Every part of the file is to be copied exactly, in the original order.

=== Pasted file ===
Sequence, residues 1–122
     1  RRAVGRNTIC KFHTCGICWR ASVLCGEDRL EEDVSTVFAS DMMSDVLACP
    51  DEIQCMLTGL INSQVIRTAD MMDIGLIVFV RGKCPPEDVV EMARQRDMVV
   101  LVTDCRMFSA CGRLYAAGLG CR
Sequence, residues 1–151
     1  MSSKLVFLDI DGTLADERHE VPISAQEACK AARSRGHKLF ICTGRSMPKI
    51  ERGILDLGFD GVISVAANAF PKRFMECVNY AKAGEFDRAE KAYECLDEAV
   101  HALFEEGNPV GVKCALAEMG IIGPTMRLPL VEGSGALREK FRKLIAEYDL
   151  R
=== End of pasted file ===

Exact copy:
Sequence, residues 1–122
     1  RRAVGRNTIC KFHTCGICWR ASVLCGEDRL EEDVSTVFAS DMMSDVLACP
    51  DEIQCMLTGL INSQVIRTAD MMDIGLIVFV RGKCPPEDVV EMARQRDMVV
   101  LVTDCRMFSA CGRLYAAGLG CR
Sequence, residues 1–151
     1  MSSKLVFLDI DGTLADERHE VPISAQEACK AARSRGHKLF ICTGRSMPKI
    51  ERGILDLGFD GVISVAANAF PKRFMECVNY AKAGEFDRAE KAYECLDEAV
   101  HALFEEGNPV GVKCALAEMG IIGPTMRLPL VEGSGALREK FRKLIAEYDL
   151  R